Monday, May 25, 2020

Warning: Beware of Child Sexual Abuse Material Being Displayed During Zoom Meetings

FBI Warns of Child Sexual Abuse Material Being Displayed During Zoom Meetings
During the last few months, the FBI has received more than 195 reports of incidents throughout the United States and in other countries in which a Zoom participant was able to broadcast a video depicting child sexual abuse material (CSAM)...The FBI is committed to apprehending any individual who produces or distributes child sexual abuse material and is seeking the public’s assistance to identify the person or persons responsible for these egregious crimes.
• If you are the administrator or host of a Zoom meeting in which CSAM was broadcast, please contact the FBI; do not delete or destroy any of your computer logs without further direction.
• If you recorded a Zoom meeting in which child sexual abuse material was broadcast, please contact the FBI for assistance in removing the CSAM from your device.
• If you believe you are a victim of a child sexual abuse material broadcast during a Zoom event, as defined above, please contact the FBI to learn about your victim rights and possible victim assistance.
• If you know who is committing these most recent egregious crimes, please contact the FBI.
• Do not make meetings or classrooms public. In Zoom, there are two options to make a meeting private: Require a meeting password; Use the waiting room feature and control the admittance of guests.
• Do not share a link to a teleconference or classroom on an unrestricted, publicly available social media post. Provide the link directly to specific attendees.
• Manage screensharing options. In Zoom, change screensharing to “Host Only.”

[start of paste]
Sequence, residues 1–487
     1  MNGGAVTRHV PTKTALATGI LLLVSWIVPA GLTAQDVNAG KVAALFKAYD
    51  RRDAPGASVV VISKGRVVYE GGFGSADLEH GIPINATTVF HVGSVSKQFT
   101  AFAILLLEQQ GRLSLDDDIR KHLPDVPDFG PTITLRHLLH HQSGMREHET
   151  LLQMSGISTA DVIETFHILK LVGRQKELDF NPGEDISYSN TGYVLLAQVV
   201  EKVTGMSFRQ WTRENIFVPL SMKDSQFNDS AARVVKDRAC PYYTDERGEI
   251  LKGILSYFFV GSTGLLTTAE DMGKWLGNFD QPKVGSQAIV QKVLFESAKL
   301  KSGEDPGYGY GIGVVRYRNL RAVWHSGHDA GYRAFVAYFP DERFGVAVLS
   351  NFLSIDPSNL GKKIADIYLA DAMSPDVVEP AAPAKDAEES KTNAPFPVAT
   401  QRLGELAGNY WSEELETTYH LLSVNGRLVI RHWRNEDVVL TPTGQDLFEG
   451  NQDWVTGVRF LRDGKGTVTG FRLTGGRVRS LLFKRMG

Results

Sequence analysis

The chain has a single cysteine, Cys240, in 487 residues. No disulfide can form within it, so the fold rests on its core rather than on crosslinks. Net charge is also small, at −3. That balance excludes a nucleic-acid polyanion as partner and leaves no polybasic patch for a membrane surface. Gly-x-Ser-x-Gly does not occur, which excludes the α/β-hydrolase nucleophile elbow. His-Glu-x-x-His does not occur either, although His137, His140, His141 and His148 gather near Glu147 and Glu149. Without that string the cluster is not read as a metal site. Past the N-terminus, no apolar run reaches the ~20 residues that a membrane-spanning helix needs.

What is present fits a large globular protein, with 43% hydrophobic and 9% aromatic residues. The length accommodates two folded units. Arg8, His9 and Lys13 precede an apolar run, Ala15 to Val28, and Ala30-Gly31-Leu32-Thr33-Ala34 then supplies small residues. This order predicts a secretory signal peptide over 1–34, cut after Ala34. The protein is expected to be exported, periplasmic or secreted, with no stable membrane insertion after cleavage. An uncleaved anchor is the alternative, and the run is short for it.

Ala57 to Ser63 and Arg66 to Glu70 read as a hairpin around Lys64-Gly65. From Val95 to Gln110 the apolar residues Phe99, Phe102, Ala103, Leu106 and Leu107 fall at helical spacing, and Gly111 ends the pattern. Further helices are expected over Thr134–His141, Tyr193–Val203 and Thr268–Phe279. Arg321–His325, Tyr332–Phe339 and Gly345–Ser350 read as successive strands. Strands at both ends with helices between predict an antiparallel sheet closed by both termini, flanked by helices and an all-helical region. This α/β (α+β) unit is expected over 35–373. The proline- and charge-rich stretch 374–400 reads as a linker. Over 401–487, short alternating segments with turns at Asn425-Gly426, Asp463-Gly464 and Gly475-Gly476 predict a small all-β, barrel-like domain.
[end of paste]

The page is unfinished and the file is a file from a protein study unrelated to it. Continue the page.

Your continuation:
For more information, click here.

Monday, May 18, 2020

New York’s Highest Court denies appeal in Schuyler sex abuse case.

The New York State Court of Appeals, the state’s highest court, has rejected a Schuyler County man’s latest attempt to appeal a finding that he had sexually abused his four-year-old daughter and neglected his three minor children.

On Thursday (April 30, 2020) the Court denied the man’s motion for leave to appeal an October 2019 decision of the New York State Supreme Court’s Appellate Division.  That prior decision, Matter of Lawson O.,” unanimously affirmed a Schuyler County Family Court order made  by Judge Dennis Morris in 2017.

The Schuyler County Department of Social Services (DSS) had charged the man in Family Court with abuse and neglect  of his children following receipt of a child protective services hotline report in January 2016. According to testimony before the Family Court, the man’s daughter had been discovered acting out sexually and then disclosed to a family member that her father had been having oral sexual contact with her.

Following a hearing in 2017, Morris determined that the girl’s out-of-court statements regarding the alleged sexual abuse were sufficiently corroborated and that the father had abused his daughter, derivatively abused her two siblings and neglected all three of his children. Therefore, he entered an order of protection, directing the father have no contact with the children, other than supervised visitation and communications reviewed and approved in advance by DSS, and directing him to enter sex offender treatment.

The father, through attorney Dana Salazar, appealed to the Appellate Division, alleging that the Family Court’s finding of abuse was not adequately established by the evidence.

Schuyler County Attorney
Steven Getman
The DSS was represented on appeal by Schuyler County Attorney Steven Getman. Getman asked the appellate court to uphold the Family Court findings. Getman argued that that the girl had demonstrated an “age-inappropriate knowledge of sexual activity” through her behaviors prior to the disclosure, supporting her description of abuse. He also cited evidence of prior sexual abuse allegations against the father involving other family members, and the father’s admissions that he spent approximately eight months in jail stemming from an earlier sexual abuse charge related to a niece. Getman also pointed out the father had admitted on the stand to lying to law enforcement officials, thereby showing a propensity for dishonesty.